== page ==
By ruling that the International Finance Corporation enjoys immunity, a Washington court has rendered unenforceable the lending agency’s own environmental norms.
The International Financial Corporation (IFC), a private lending arm of the World Bank group has lent $450 million to the Tata Mundra Power Plant (4150mw) on the coast of Kutch, Gujarat.
Since its inception, the power plant has seen opposition from the local fisher folk who stay merely one mile away from it. The power plant is causing destruction of the mangrove ecosystem and has increased the salinity of the groundwater, making it unfit for drinking or irrigation. The fly ash from the conveyor belt that transports coal is known to pollute the air as well as settle on the fish that have been laid out to dry. This, accompanied with thermal pollution in the waters surrounding the area, is adversely impacting local marine life.
The IFC has acknowledged that the project will have “significant adverse social and/or environmental impacts that are diverse, irreversible or unprecedented”. It has fixed performance standards on environment and social sustainability, and these standards must be complied with by the borrower and form a part of the loan agreement. The purpose is to ensure that projects funded by the IFC adhere to these standards and in the event of non-compliance a complaint can be filed before the compliance advisor ombudsman (CAO), which is an internal complaint mechanism or independent recourse mechanism of the World Bank. The CAO has the capacity to conduct compliance audits and dispute resolution.
Complaint against the power project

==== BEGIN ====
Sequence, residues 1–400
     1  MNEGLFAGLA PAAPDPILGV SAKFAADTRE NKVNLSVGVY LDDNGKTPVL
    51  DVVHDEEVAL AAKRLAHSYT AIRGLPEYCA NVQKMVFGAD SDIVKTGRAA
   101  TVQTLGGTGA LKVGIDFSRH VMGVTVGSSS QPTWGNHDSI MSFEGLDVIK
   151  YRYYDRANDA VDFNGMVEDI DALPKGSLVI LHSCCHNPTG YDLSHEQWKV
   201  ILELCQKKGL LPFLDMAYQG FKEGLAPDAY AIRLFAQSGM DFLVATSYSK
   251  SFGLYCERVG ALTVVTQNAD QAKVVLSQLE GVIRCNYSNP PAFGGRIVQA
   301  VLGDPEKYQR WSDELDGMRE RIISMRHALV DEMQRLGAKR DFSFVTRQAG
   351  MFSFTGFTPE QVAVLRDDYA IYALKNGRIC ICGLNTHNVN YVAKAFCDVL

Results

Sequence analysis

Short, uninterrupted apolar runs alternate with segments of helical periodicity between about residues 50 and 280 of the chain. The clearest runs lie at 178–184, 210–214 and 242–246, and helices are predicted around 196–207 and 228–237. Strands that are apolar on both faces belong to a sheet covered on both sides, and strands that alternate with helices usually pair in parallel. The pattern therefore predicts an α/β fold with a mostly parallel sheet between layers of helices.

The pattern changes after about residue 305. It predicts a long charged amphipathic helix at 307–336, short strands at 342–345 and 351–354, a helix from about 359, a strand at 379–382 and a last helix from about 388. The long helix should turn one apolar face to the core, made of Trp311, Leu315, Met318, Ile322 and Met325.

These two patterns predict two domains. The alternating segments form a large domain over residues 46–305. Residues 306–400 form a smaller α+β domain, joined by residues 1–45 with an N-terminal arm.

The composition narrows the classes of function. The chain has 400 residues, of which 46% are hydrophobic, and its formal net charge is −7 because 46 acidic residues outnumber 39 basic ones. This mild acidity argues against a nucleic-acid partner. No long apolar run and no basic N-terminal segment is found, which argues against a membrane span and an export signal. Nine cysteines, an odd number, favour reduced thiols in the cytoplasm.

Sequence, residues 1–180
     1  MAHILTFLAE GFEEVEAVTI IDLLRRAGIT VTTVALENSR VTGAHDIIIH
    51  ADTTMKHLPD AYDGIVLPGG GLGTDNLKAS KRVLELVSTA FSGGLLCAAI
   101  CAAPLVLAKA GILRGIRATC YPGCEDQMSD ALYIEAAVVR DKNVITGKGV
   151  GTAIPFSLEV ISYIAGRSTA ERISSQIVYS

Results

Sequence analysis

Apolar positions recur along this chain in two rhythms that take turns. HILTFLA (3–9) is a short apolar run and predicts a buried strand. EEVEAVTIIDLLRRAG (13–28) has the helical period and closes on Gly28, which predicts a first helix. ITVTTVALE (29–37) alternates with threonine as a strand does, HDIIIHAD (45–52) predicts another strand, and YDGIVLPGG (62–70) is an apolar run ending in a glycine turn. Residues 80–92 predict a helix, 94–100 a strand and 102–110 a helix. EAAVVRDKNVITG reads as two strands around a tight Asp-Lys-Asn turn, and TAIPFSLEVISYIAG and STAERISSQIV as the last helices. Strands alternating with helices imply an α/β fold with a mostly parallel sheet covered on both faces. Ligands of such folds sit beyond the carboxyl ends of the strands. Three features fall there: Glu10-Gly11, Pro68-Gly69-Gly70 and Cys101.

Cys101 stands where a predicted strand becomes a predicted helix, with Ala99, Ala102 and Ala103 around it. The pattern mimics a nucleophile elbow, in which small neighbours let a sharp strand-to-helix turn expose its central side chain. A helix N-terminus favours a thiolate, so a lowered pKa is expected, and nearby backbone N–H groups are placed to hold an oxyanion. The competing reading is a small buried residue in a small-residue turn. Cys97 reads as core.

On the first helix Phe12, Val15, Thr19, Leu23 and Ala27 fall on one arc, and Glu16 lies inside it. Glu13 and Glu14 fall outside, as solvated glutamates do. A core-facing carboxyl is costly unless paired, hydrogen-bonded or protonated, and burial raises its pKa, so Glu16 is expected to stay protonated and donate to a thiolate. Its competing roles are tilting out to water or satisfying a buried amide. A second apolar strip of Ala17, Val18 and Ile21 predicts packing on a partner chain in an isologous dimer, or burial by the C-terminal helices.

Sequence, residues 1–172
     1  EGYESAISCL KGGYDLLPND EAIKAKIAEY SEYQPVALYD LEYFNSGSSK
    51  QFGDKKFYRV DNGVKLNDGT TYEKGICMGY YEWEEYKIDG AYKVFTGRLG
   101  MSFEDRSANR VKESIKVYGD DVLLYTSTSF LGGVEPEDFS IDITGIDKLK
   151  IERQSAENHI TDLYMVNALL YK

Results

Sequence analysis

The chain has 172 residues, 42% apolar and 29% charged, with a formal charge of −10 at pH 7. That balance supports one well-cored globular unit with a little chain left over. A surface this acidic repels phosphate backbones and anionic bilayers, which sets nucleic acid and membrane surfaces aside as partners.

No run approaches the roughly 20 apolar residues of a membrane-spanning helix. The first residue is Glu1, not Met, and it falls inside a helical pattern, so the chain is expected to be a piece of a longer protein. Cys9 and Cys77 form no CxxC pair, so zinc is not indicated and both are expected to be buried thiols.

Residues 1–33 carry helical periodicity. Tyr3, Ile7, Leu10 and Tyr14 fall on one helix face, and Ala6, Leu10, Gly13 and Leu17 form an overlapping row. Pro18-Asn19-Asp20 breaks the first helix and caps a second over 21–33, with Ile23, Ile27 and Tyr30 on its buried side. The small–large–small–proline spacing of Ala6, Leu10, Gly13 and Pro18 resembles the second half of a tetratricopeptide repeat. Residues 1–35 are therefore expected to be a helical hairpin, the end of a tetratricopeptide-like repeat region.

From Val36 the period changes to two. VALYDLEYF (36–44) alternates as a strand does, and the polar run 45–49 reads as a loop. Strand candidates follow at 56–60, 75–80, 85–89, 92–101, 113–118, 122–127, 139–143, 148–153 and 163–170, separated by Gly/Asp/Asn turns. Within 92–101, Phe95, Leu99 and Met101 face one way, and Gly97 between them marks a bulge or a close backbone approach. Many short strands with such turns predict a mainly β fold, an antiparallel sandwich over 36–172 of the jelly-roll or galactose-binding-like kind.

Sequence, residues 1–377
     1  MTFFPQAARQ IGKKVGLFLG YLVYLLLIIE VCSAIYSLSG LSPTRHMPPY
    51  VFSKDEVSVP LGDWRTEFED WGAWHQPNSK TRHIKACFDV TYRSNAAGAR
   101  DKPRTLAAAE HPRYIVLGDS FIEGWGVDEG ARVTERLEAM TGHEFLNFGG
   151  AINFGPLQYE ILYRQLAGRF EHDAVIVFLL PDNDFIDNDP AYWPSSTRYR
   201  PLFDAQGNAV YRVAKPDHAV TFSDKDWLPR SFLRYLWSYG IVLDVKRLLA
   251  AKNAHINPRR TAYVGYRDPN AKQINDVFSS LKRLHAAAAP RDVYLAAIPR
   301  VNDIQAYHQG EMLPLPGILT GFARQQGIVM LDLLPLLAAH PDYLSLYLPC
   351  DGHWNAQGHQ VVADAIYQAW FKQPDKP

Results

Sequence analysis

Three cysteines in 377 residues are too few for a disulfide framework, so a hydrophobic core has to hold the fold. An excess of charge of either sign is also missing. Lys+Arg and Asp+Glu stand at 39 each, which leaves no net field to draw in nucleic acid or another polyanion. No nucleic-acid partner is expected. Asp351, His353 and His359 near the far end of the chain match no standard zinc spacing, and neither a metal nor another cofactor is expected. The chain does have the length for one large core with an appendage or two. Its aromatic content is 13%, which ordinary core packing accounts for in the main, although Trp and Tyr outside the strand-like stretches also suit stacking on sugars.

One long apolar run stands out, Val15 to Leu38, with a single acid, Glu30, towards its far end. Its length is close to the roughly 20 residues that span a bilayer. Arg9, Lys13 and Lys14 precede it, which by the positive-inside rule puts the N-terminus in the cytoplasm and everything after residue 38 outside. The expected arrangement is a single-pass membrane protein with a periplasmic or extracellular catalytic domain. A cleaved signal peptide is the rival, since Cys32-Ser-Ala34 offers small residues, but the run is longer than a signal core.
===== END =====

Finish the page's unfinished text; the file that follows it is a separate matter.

The Machimar Adhikar Sangarsh Sanghatan (MASS) filed a complaint before the CAO in 2011 citing violations of the performance standards in the Tata Mundra project based on the grave impact that the project had caused to the fishing community in the area. The CAO in its assessment report found that the IFC had failed to adequately consider the concerns of the project-affected communities in its determination of the social and environmental risks of the project. Despite this scathing report, the IFC ignored the findings and did not adopt any corrective measures. This led to the MASS filing a case before the district court in Washington DC, where the IFC has its headquarters, seeking injunctive relief from the project as well as compensation and damages. The plaintiffs were able to bring the suit before the Washington district court because the IFC’s articles of association allow for the suit to be brought before such a forum. The clause reads as follows:
“Position of the Corporation with Regard to Judicial Process,”
“Actions may be brought against the Corporation only in a court of competent jurisdiction in the territories of a member in which the Corporation has an office, has appointed an agent for the purpose of accepting service of process, or has issued or guaranteed securities. No actions shall, however, be brought by members or persons acting for or deriving claims from members. The property and assets of the Corporation shall, wheresoever located and by whomsoever held, be immune from all forms of seizure, attachment or execution before the delivery of final judgment against the Corporation.” (Articles of Agreement, Art. VI, § 3.)
IFC’s stand a problematic one